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Improving general practice computer systems for patient safety: qualitative study of key stakeholders
  1. Anthony J Avery1,
  2. Boki S P Savelyich1,
  3. Aziz Sheikh2,
  4. Caroline J Morris3,
  5. Isobel Bowler1,
  6. Sheila Teasdale4
  1. 1Division of Primary Care, University of Nottingham, Queen’s Medical Centre, Nottingham, UK
  2. 2Division of Community Health Sciences: GP Section, University of Edinburgh, Edinburgh, UK
  3. 3School of Pharmacy & Pharmaceutical Sciences, University of Manchester, Manchester, UK
  4. 4Primary Care Information Services (PRIMIS+), Division of Primary Care, University of Nottingham, Nottingham, UK
  1. Correspondence to:
 Professor A J Avery
 Division of Primary Care, University of Nottingham, Queen’s Medical Centre, Nottingham NG7 2UH, UK; tony.avery{at}


Objective: The authors sought to identify ways in which the use of general practice computer systems could be improved to enhance safety in primary care.

Design: Qualitative study using semistructured interviews.

Participants: Thirty one participants, representing a broad range of relevant disciplines and interest groups. Participants included clinicians, computer system and drug database suppliers, academics with interests in health informatics and members of governmental, professional and patient representative bodies.

Setting: UK.

Results: Participants identified deficiencies in current systems that pose serious threats to patient safety. To bring about improvements, providers need to supply clinicians with safe, accurate and accessible information for decision support; be aware of the importance of human ergonomics in the design of hazard alerts; consider the value of audit trails and develop mechanisms to allow for the accurate transfer of information between clinical computer systems. These improvements in computer systems will be most likely to occur if mandated through regulations. Individual practices are in need of improved education and training which focuses, in particular, on providing support with recording data accurately and using call, recall and reminders effectively.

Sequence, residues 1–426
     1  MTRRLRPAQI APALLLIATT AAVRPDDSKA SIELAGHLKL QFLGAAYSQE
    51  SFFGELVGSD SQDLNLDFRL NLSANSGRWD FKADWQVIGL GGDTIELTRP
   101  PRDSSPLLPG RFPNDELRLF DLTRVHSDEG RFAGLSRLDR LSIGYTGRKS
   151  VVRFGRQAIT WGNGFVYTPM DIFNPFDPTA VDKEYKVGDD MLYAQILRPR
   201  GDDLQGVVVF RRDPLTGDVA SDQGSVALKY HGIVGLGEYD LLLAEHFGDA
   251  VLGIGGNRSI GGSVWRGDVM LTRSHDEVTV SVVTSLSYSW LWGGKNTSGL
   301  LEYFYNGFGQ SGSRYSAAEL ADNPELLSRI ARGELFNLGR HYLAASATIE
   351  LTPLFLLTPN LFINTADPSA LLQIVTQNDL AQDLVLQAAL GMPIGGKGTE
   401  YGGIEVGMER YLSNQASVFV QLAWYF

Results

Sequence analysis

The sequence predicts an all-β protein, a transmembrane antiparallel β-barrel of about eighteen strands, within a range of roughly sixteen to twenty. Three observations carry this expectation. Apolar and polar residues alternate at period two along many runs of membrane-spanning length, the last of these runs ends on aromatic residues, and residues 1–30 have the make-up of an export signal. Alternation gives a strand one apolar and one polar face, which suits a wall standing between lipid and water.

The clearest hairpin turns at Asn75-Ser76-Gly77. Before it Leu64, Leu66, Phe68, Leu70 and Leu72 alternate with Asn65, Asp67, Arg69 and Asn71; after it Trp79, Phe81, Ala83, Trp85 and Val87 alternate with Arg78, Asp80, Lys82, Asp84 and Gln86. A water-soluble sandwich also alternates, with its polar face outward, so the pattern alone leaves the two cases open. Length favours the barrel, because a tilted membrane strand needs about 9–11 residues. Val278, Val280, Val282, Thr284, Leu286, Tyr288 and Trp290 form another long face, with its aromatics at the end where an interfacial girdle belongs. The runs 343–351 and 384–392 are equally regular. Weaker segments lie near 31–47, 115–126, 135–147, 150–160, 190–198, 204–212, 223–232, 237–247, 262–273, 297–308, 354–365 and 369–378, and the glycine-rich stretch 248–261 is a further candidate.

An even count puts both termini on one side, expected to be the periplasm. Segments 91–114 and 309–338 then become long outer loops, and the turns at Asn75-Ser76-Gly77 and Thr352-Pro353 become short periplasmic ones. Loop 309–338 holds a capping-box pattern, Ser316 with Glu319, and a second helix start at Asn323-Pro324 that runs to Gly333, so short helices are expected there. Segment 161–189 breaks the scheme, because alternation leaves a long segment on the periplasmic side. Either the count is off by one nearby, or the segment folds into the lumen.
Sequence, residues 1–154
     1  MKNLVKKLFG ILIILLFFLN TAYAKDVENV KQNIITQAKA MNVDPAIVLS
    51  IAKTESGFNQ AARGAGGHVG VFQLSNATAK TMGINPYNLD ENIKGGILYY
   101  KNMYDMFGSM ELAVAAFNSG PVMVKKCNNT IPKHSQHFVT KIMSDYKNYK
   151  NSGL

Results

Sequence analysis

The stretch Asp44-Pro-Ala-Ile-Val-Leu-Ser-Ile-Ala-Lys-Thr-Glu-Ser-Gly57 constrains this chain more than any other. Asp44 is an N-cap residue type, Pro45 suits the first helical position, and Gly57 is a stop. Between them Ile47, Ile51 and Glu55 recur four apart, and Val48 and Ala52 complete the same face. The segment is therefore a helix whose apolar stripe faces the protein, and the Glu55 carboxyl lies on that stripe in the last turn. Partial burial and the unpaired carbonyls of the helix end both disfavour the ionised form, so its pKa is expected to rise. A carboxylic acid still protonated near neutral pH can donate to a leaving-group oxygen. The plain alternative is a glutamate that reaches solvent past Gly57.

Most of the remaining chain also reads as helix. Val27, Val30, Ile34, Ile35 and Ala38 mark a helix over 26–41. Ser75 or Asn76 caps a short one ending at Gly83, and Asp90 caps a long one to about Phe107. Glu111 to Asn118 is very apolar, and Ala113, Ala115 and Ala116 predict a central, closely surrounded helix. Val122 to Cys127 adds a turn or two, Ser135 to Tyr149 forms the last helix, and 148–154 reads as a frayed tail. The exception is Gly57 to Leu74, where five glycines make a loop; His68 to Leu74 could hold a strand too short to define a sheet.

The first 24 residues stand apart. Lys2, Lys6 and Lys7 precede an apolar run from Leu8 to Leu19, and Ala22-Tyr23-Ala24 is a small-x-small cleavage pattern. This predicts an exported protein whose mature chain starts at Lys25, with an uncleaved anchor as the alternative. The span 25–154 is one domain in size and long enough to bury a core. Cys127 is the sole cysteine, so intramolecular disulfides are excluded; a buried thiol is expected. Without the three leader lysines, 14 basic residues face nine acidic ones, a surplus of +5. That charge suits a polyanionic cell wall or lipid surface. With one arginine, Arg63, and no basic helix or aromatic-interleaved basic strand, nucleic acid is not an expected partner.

Conclusion: There are significant opportunities for improving the safety of general practice computer systems. Priorities include improving the knowledge base for clinical decision support, paying greater attention to human ergonomics in system design, improved staff training and the introduction of new regulations mandating system suppliers to satisfy essential safety requirements.

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Improving patient safety has rightly been prioritised by healthcare providers1–3 and increasing attention is being given to the use of information technology-based solutions to reduce the disease burden associated with medical errors.4 Patients in England are in a potentially strong position to benefit given the major investment taking place through the NHS Connecting for Health’s National Programme for Information Technology.5–7

This benefit may be realised most readily in primary care where, despite almost universal use in the UK,8 clinical computer systems have important deficiencies in relation to patient safety.9 A particular problem relates to the design of hazard alerts and a study from the US has usefully explored the views of primary care clinicians on this issue.10

In our study we interviewed a wide range of expert stakeholders to identify their views on the most important ways in which the use of general practice computer systems could be improved to enhance safety in primary care.


Research team

Members of the research team have extensive knowledge of the individuals and organisations in the UK with an established interest and expertise in matters relating to the safety of general practice computer systems. They also have a breadth of relevant disciplinary expertise in informatics, primary care, pharmacy, psychology and social sciences.